Solomon King review…February 20, 2014…

SOLOMON KING

TRAIN

BABY DOES ME GOOD–BAD TO ME–COFFEE SONG–SLO BLUES–GREAT WALL–COUNTRY SONG–MY BABY’S LOVE–TRAIN–BLUE ANGEL

Bluesman Solomon King has seen the ups and downs of life, and has stared them down and kept on strokin’.  Hailing from Detroit, he was a victim of massive downsizing in the auto industry in his hometown, and, in 2008, he moved to Los Angeles to make his name as a bluesman.  He set up residence, if you will, in the rough-and-tumble South Central district, in clubs such as Babe And Ricky’s.

Over the course of the nine cuts that comprise Solomon’s latest release, “Train,’ he has channeled the energy of those South Central days into a set that listeners will note no two cuts are the same, and they all tell a story from the soul of a man who’s stood tall thru tough times.

The majority of the songs deal with life, love, loss, and redemption, told in a way only Solomon could tell.  He starts off with his slide wailing in the Diddley-shuffle of “Baby Done Me Good.”  He revisits his gritty South Central days with the scorching funk of “Bad To Me,” and again with the thundering tones of the title cut.  With its locomotive percussion, psychedelic vocals and organ, this one definitely has a Doors-like vibe goin’ on.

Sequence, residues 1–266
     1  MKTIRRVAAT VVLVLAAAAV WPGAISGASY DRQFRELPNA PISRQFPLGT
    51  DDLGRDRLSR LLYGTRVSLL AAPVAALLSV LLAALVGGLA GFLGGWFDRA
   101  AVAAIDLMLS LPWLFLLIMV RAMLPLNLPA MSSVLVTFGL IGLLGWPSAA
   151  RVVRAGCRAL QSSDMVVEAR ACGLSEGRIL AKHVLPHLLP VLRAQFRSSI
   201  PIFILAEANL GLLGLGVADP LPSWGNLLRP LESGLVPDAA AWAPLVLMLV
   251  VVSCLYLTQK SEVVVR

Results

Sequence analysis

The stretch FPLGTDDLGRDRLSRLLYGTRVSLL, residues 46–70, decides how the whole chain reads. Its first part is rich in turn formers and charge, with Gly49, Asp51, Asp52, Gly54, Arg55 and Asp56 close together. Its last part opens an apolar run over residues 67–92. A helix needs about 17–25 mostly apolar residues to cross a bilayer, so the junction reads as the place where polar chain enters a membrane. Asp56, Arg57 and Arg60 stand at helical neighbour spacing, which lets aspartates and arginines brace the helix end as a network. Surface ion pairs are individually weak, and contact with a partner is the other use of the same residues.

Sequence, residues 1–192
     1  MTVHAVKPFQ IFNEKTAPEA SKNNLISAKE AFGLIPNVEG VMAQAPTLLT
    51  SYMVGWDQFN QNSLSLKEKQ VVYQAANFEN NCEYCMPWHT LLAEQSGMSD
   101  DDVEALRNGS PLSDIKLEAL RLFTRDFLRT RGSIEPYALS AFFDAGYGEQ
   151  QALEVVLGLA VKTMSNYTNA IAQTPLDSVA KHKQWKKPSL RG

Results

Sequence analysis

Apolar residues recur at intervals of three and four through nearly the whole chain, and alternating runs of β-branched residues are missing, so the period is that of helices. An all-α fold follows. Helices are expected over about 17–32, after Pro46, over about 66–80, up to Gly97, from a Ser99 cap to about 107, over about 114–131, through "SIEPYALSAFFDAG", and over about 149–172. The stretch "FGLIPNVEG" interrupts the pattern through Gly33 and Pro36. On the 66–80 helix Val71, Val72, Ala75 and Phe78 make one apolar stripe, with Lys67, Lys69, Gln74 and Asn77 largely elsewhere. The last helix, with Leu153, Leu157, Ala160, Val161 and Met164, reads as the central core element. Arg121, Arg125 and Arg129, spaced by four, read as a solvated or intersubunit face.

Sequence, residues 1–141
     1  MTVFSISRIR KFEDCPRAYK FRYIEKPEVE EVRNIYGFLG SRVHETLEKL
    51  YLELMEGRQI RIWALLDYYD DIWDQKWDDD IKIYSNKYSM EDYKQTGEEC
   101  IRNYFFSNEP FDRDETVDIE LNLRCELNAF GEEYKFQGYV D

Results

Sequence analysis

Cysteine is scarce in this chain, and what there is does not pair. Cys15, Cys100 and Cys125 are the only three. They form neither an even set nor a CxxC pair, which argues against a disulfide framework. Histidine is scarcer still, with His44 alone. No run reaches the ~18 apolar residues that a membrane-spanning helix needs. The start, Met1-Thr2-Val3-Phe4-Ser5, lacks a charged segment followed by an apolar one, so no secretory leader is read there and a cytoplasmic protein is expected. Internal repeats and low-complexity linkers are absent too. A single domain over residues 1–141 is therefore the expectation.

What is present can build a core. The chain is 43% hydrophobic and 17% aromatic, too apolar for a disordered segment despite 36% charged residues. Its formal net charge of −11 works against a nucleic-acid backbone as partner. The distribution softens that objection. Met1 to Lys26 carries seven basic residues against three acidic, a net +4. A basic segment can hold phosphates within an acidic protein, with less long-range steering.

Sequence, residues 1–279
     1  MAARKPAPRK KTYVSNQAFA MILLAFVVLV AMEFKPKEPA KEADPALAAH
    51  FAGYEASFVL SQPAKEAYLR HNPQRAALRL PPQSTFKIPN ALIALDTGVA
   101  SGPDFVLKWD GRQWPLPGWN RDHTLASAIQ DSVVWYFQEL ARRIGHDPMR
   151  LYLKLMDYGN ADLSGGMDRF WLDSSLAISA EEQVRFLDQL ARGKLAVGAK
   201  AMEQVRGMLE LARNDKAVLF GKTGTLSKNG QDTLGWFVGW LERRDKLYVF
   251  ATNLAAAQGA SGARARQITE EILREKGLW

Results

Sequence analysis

Solomon finds redemption, tho, with his proclamation that he’d gladly trade in all his worldly possessions for “My Baby’s Love,” and closes the set by declaring his very existence being due to the love of his “Blue Angel.”

We had two favorites, too.   A cold-hearted woman who is “made of stone” is the subject of “Great Wall,” and it’s a barn-burner, set over a traditional Delta arrangement with cool harp set over Solomon’s Elmore James-styled licks.  And, he takes a good-natured jab at the boys down on Music Row with “them songs you can’t forget,” that always have a “train, truck, or car,” and, ultimately, everyone’s heart gets broken, aptly-entitled “Country Song.”

Solomon King’s diversity makes “Train” a special set, indeed.  It follows pretty much the pattern of his live shows, where cover songs are rarely heard, and everything stands on its own merit.  Our only wish was that this one coulda been about twice as long!!  Until next time…Sheryl and Don Crow.

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